Although it may be generally accepted that our nation's school facilities need to be the best possible if they are to meet current and future education goals, the relationship between high-quality data and wise decision-making about facilities may not be readily apparent to policy makers and the public.

Strategy 6

Work with software vendors to incorporate the basic data elements and their definitions.

Many data system software applications are available to assist local facilities planners and architects with the operation and management of facilities. To the extent that the basic data elements and definitions are incorporated into their programs, facilities information will be more comparable across systems.

Strategy 7

Provide training to information system managers.

State education agencies should take the lead in providing training on the types of reporting and analysis that will be most useful to federal, state, local, and school-based users of facilities data.

The ability to relate information from different files or accounting systems is crucial.

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Linking to Other Data Systems

More often than not, policy questions reflect multiple categories of information. For instance, determining the adequacy of facilities to meet future enrollment needs involves gathering information from two, traditionally separate, data systems—facilities and student enrollment. The ability to relate information from different files or accounting systems is crucial in constructing useful indicators. Thus linkages between facilities information and other data systems (such as finance or student scheduling) must be in place.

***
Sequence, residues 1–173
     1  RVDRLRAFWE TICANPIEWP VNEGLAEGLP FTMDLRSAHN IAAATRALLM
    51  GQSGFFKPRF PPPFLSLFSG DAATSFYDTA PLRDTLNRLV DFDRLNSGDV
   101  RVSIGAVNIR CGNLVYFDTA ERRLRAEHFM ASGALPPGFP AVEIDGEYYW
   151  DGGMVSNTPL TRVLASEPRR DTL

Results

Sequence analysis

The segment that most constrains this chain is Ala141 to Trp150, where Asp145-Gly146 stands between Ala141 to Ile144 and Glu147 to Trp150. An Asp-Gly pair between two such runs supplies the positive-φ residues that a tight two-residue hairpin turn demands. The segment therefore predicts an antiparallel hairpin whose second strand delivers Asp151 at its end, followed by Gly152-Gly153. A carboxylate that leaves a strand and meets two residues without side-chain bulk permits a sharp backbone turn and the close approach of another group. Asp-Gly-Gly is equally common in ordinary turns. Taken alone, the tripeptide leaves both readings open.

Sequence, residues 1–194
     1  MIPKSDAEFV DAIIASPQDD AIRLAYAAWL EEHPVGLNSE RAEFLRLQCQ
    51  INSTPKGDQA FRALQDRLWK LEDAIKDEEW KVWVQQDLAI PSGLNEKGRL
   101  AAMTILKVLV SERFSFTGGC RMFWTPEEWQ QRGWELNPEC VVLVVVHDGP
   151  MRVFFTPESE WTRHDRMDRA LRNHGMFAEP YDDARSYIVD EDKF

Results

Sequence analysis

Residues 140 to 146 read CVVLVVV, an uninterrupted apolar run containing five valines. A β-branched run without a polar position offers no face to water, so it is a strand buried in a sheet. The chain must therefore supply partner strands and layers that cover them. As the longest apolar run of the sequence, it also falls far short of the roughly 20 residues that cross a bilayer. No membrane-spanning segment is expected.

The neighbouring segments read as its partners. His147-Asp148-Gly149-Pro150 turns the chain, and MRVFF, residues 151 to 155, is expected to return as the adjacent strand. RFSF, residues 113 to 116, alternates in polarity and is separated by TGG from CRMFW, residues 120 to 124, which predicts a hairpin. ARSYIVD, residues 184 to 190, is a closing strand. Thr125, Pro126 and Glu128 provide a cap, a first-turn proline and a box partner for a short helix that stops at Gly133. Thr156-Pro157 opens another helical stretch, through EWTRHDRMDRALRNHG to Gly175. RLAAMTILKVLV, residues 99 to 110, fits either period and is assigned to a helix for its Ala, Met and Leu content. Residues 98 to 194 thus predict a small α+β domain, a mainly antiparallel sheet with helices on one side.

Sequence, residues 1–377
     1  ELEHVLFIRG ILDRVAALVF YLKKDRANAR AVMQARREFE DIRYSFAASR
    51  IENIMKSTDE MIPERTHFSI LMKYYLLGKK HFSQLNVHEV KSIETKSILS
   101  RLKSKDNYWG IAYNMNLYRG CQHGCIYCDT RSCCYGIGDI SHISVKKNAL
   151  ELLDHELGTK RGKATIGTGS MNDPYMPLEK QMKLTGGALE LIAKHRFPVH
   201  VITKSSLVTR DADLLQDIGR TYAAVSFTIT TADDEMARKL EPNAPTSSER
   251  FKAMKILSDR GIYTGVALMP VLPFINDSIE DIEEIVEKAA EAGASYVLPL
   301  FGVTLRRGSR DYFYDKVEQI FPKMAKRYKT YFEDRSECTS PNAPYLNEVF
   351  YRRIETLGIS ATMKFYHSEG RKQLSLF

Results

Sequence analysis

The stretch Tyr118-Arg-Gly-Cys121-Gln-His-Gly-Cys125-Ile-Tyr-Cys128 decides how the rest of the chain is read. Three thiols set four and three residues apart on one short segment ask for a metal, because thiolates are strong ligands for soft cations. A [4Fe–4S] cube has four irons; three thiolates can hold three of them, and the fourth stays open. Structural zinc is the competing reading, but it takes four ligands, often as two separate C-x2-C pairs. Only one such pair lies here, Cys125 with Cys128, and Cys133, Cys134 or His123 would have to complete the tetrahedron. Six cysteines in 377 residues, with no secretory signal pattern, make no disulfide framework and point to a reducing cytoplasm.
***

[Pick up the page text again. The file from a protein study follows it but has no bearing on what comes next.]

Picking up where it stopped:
Identification codes are typically the “linkage” data elements that connect facilities information with other data systems. For example, the facilities data system may include building codes, site codes, or instructional space (room) codes. Data elements that can connect facilities and finance data systems include function codes, program codes, and subject-matter codes. Unique class codes may be used to link staff assignments to a given instructional space.

The following resources published by the National Center for Education Statistics or the National Forum on Education Statistics can help in planning a broad-based approach to the design of a facilities data system that provides linkages with related databases:

The use of standard identification conventions makes it possible to link information from several data systems. This is critical since relevant databases may be controlled by different entities. To serve decision makers effectively, school facilities data systems should be linked (although they need not be housed in the same location) with other administrative record systems such as financial, student, and staff accounting systems. An information system also may be linked to the data collected and used by other functional areas within the education agency, such as research and evaluation. Linking data can provide a wealth of “added-value” information, minimize data redundancy, and enhance the capacity of an education agency to make sound policy decisions.